West End Congregational Church
The name of West End Congregational Church came into being in the 1890s when both Kirkcaldy churches voted to join the newly formed Congregational Union of Scotland, however it stood in direct succession to the original Congregational church founded in 1800.
The church emerged out of the great revivals of the late 18th century, when itinerant preachers toured Scotland, inspiring a more earnest approach to religious life. A small nucleus gathered for worship and prayer, and eventually formed themselves into a church, with a small chapel, the Cowan Street Tabernacle, being build near the seafront in the town. Though adhering to the historic tenets of the Christian faith, it stood for independence from theological creeds, ecclesiastical courts and any alliance with the State.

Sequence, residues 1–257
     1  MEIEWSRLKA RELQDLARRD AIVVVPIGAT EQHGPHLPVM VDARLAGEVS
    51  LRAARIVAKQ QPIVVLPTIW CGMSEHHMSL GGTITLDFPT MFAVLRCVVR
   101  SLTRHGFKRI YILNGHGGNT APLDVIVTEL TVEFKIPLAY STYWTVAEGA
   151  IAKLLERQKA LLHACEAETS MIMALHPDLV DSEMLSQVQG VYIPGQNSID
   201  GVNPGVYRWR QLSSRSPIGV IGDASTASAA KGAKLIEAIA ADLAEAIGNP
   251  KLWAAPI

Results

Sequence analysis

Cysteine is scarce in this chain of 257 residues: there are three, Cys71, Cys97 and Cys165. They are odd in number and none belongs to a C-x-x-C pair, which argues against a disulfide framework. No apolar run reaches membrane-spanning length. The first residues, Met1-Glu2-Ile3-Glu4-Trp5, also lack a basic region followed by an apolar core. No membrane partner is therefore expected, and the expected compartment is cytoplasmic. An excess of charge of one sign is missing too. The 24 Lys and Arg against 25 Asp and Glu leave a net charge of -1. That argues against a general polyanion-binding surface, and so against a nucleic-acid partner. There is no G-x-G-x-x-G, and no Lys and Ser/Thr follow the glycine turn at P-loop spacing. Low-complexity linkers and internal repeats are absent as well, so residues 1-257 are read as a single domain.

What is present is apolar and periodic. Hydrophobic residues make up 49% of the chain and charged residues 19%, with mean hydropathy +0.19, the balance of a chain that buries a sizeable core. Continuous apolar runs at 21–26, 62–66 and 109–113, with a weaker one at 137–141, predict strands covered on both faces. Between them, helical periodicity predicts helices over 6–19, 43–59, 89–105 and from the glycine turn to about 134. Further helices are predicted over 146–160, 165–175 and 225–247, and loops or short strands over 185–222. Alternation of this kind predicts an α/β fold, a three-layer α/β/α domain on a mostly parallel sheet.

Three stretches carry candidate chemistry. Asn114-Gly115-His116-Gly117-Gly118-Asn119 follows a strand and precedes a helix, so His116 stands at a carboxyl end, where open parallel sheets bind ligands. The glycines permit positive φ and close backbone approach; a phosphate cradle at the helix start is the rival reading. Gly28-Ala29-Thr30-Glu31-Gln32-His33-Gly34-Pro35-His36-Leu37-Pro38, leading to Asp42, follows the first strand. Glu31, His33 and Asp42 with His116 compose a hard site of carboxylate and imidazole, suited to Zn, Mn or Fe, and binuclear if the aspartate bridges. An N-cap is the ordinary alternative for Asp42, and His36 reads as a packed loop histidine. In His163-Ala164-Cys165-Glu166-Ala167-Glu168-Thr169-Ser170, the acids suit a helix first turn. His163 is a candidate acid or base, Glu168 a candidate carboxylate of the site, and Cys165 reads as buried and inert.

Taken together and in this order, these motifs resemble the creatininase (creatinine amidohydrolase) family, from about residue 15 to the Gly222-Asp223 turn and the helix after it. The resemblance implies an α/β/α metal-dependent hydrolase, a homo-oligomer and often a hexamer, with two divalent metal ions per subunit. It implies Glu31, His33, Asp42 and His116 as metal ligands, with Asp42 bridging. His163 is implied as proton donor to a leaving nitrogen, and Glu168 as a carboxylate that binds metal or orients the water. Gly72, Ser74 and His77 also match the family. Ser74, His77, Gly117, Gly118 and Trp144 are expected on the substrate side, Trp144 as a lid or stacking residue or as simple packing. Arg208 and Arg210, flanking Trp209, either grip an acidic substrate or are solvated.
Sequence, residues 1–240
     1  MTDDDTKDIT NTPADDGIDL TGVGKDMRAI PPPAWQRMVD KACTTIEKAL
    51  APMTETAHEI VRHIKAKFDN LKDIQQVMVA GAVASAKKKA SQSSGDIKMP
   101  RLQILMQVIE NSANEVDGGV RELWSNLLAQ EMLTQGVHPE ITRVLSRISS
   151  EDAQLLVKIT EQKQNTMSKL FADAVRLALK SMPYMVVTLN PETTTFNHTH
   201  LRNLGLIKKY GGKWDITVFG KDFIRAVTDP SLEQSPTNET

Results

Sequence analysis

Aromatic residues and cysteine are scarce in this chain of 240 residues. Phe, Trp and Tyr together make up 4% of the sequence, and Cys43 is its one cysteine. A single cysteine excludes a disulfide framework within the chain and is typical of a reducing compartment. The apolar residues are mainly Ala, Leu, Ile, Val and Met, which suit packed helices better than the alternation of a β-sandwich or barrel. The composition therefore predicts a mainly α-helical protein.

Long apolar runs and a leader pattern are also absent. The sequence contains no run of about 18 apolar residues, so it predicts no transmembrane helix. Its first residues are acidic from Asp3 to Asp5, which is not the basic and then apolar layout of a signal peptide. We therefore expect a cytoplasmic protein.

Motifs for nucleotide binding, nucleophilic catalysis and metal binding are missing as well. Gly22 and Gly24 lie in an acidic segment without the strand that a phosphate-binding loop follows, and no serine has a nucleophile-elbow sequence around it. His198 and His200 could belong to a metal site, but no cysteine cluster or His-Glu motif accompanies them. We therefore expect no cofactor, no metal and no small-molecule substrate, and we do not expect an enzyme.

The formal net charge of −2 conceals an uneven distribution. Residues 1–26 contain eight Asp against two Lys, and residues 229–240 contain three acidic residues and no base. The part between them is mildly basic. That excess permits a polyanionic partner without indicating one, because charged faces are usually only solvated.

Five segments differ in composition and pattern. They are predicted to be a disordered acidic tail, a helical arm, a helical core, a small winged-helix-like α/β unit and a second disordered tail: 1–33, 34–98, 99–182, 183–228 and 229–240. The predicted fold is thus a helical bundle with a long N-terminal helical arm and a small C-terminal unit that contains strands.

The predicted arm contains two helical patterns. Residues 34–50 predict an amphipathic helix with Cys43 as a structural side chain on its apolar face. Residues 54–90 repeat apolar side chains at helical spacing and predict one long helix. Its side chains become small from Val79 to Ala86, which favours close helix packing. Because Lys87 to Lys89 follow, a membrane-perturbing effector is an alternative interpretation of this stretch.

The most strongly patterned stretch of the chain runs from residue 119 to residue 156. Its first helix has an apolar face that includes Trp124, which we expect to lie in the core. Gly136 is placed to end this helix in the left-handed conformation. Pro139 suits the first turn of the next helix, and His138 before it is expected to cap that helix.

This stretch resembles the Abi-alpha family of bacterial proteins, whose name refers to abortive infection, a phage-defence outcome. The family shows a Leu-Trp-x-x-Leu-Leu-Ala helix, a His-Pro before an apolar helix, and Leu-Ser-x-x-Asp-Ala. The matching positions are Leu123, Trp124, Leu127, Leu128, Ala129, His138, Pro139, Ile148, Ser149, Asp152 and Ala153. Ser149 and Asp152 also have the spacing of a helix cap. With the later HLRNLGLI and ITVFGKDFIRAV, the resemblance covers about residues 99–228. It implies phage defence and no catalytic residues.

The early roots of the church were evangelical, but by time the church's identity formed around a more liberal Christian tradition. In the 1860s, division led to the formation of the Pathhead Church, however the depleted congregation still had the vision to construct a new building to replace the now inadequate chapel. It opened for worship in 1874 and became a prominent feature on Kirkcaldy High Street.
As the town prospered, so did the congregation, and many members played a significant role in the civic and business life of Kirkcaldy. As the 19th century gave way to the 20th, many organisations and activities developed as part of a thriving congregational life.
Growth continued throughout much of the 20th century, but decline came in the final decades. In 2015 both Kirkcaldy churches agreed to share in ministry, and as the relationships grew between members, so a process of coming together began, resulting in a re-formed Kirkcaldy Congregational Church being constituted in September 2018.